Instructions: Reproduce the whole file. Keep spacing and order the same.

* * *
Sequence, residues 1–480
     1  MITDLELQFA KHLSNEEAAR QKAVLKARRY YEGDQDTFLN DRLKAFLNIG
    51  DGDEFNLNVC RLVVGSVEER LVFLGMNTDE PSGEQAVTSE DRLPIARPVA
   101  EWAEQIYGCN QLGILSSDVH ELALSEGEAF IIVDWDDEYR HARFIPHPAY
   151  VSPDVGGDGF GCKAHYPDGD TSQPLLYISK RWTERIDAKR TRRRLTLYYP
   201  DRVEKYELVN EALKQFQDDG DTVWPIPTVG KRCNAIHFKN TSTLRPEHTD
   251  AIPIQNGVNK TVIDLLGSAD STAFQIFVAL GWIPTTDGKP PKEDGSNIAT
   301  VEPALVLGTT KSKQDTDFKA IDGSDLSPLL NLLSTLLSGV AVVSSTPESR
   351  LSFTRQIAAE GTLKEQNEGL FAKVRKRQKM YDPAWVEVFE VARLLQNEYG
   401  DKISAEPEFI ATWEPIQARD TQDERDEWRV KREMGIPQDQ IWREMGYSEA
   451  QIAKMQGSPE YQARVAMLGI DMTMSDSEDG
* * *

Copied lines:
Sequence, residues 1–480
     1  MITDLELQFA KHLSNEEAAR QKAVLKARRY YEGDQDTFLN DRLKAFLNIG
    51  DGDEFNLNVC RLVVGSVEER LVFLGMNTDE PSGEQAVTSE DRLPIARPVA
   101  EWAEQIYGCN QLGILSSDVH ELALSEGEAF IIVDWDDEYR HARFIPHPAY
   151  VSPDVGGDGF GCKAHYPDGD TSQPLLYISK RWTERIDAKR TRRRLTLYYP
   201  DRVEKYELVN EALKQFQDDG DTVWPIPTVG KRCNAIHFKN TSTLRPEHTD
   251  AIPIQNGVNK TVIDLLGSAD STAFQIFVAL GWIPTTDGKP PKEDGSNIAT
   301  VEPALVLGTT KSKQDTDFKA IDGSDLSPLL NLLSTLLSGV AVVSSTPESR
   351  LSFTRQIAAE GTLKEQNEGL FAKVRKRQKM YDPAWVEVFE VARLLQNEYG
   401  DKISAEPEFI ATWEPIQARD TQDERDEWRV KREMGIPQDQ IWREMGYSEA
   451  QIAKMQGSPE YQARVAMLGI DMTMSDSEDG